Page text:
Monday, August 14, 2017

On Halle Berry

Blow out the candles and make a wish, Halle Berry.  Make a wish for good Hollywood scripts to come your way.  Today, the gorgeous Hollywood history maker turns 51.  I feel that one of her biggest breakthroughs after years on on-camera work came when she had the opportunity to play the late, great Dorothy Dandridge in a biopic for HBO.  Dorothy Dandridge broke through Hollywood's color barrier and became the first Black woman nominated for the Best Actress Oscar.  Her well-deserved nomination came for 1954's musical drama, CARMEN JONES co-starring Harry Belafonte.  The favorite to win was Judy Garland for her sensational screen comeback in the 1954 remake of A STAR IS BORN.  Judy and Dorothy lost to Grace Kelly for THE COUNTRY GIRL.  Despite her sizzling, charismatic, Oscar-nominated performance in 20th Century Fox's CARMEN JONES, the lovely and talented Dorothy Dandridge did not get another top Hollywood lead role opportunity until 1959's PORGY AND BESS.  Her lack of opportunities were because of her race.  PORGY AND BESS was her last film.  Halle Berry won a Golden Globe and an Emmy for 1999's INTRODUCING DOROTHY DANDRIDGE.  For her dramatic performance in 2001's MONSTER'S BALL, Halle Berry won the Oscar for Best Actress.
That was Halle Berry's first and, so far, only Oscar nomination.  She was the first and, so far, only Black woman to win the Oscar for Best Actress.
Viola Davis is now the most Oscar-nominated African American actress in Hollywood history.  She has three nominations to her credit.  This year, she won Best Supporting Actress for FENCES.

Whoopi Goldberg and Octavia Spencer are now tied with two Oscar nominations to their credit.  Whoopi won Best Supporting Actress for GHOST and Octavia Spencer won Best Supporting Actress for THE HELP.

No African American actress in Hollywood history has more than three Oscar nominations.  No African American woman other than Halle Berry has taken home the prize for Best Actress.

As I've written before, talented white actresses are lucky because they've had more opportunities from Hollywood. 26-year old Jennifer Lawrence has one Best Actress Oscar and four Oscar nominations to her credit.  Amy Adams has five Oscar nominations.  Julia Roberts has four nominations and one Best Actress Oscar win -- like Jennifer Lawrence.  Yep.  Julia Roberts and Jennifer Lawrence had more opportunities and Oscar-nomination luck than Black actresses who got one Oscar nomination and then turned to TV for work because Hollywood offered no script opportunities  -- Cicely Tyson, Angela Bassett, Alfre Woodard, Diahann Carroll and Taraji P. Henson are some of those actresses.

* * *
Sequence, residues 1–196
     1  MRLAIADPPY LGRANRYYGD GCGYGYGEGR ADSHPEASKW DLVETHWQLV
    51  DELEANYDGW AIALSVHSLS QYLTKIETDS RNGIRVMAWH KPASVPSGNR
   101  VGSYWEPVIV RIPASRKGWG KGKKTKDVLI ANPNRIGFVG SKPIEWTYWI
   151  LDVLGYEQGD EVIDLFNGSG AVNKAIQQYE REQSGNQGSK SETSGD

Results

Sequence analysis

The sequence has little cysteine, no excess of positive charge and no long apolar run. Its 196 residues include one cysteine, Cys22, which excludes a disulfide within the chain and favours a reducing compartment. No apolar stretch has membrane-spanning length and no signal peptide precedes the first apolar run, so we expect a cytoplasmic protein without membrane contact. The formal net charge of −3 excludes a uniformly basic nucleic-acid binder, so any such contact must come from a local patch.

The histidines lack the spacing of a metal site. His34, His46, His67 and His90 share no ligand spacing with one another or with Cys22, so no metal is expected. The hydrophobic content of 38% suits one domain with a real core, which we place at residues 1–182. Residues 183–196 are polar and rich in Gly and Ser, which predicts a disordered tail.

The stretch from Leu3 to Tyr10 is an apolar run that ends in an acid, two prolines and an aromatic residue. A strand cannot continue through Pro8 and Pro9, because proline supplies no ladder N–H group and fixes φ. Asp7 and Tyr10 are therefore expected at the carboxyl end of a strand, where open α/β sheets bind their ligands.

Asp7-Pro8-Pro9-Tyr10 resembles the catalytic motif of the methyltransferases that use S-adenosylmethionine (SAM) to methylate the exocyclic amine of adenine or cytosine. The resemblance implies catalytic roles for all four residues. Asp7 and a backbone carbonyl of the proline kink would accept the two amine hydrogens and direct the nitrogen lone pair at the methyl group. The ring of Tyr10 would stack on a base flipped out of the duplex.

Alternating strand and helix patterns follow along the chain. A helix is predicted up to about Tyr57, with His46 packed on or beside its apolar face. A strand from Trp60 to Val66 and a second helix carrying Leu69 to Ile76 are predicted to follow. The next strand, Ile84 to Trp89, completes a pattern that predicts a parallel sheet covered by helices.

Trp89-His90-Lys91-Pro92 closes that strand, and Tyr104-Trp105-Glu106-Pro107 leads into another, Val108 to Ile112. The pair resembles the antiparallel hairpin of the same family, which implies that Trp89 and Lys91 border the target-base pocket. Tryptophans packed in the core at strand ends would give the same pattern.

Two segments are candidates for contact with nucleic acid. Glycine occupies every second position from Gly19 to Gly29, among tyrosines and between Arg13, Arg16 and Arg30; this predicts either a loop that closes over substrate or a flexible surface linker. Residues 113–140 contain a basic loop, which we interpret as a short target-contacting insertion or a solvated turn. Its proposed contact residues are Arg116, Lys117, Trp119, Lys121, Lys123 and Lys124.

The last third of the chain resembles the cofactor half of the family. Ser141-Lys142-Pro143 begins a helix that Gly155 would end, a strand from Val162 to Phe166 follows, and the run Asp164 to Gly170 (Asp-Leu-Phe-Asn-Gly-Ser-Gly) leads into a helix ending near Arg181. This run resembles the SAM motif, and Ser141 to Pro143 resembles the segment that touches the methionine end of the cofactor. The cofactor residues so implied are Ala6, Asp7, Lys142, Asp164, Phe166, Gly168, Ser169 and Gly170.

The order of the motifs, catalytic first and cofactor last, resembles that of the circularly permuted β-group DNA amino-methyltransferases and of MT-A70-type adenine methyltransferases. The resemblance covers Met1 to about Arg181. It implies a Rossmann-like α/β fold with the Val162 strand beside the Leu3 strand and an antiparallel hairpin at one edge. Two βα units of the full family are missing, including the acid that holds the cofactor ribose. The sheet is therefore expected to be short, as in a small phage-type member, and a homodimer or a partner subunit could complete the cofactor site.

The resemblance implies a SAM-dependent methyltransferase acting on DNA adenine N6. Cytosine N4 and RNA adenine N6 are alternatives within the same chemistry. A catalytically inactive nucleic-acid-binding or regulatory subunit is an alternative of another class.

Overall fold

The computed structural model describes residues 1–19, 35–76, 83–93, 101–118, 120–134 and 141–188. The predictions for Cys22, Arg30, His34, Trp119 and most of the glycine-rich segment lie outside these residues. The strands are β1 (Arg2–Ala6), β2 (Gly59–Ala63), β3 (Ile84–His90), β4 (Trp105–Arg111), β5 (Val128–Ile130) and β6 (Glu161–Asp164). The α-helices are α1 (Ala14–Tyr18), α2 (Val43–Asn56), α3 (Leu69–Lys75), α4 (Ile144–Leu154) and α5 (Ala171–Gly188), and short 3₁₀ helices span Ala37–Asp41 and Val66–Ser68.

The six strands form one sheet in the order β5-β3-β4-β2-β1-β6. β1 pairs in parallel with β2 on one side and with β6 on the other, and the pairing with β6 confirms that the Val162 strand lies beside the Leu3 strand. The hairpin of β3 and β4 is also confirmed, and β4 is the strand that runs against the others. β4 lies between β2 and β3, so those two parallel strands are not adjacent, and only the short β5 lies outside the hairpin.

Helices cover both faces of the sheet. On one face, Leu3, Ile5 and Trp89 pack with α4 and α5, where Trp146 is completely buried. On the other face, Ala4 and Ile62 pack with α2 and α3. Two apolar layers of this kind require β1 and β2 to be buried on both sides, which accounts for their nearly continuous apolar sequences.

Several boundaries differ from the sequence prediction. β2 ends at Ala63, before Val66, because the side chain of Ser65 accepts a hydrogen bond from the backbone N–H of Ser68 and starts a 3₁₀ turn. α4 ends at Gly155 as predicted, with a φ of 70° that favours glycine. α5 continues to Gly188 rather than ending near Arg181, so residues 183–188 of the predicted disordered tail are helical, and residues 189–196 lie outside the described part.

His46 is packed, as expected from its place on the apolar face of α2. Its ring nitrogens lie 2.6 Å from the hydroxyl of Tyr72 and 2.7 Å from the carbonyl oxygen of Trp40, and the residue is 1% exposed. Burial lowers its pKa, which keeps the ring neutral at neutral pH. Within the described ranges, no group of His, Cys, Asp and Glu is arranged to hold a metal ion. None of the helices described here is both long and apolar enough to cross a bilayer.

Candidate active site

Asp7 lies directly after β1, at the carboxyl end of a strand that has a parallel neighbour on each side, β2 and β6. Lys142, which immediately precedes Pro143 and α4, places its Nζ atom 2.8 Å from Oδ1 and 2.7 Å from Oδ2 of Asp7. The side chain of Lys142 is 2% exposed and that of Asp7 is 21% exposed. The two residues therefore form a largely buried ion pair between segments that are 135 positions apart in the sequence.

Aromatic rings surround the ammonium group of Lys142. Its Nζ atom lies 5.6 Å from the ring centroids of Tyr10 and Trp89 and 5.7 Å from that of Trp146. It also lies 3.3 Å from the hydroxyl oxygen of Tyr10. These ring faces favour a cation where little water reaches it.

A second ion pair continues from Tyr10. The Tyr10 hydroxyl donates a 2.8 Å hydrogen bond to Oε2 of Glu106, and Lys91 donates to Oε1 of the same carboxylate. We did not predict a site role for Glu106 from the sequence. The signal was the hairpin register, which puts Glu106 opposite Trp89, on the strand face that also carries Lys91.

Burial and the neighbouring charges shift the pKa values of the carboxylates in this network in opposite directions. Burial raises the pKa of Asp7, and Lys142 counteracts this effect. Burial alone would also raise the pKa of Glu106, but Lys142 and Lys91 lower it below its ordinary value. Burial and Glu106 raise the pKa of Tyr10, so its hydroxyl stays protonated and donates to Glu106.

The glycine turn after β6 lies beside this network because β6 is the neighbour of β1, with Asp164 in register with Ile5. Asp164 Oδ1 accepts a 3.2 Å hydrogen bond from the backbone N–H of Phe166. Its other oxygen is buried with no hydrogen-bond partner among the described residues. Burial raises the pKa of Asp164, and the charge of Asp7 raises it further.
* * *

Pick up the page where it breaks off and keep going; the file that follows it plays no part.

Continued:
Halle Berry worked with a woman director to make what I feel is her best film after her historic Oscar win.  She plays a middle-class suburban widow with children.  David Duchovny played the charitable, loving husband who meets an untimely death early in the film.  Benicio Del Toro plays the husband's best friend, a recovering junkie who tries to help the widow.  She's pretty much paralyzed with grief.  She had her prejudices towards the friend.  Susanne Bier directed 2007's THINGS WE LOST IN THE FIRE.
If you're a Benecio Del Toro fan -- like I am -- this is a must-see movie.  He's excellent in it. Ironically, the weekend THINGS WE LOST IN THE FIRE opened, the West Coast was devastated by a huge, destructive fire that topped the national headlines.  In that long portion of Southern California, folks were more concerned with protecting their homes than heading to the cineplex to see a movie.  THINGS WE LOST IN THE FIRE sort of got lost in the fire itself.

Susanne Bier's film is worth a look.  Halle Berry does a fine job as the troubled suburban mother.  And she was the perfect choice to play Dorothy Dandridge.  She deserved those awards.  It's a crime that the extremely talented Dorothy Dandridge had such a limited film career because of Hollywood's lame racial attitudes.

Let's wish Halle Berry a very Happy Birthday -- and let's wish her good Hollywood scripts and steady employment.  She deserves both.

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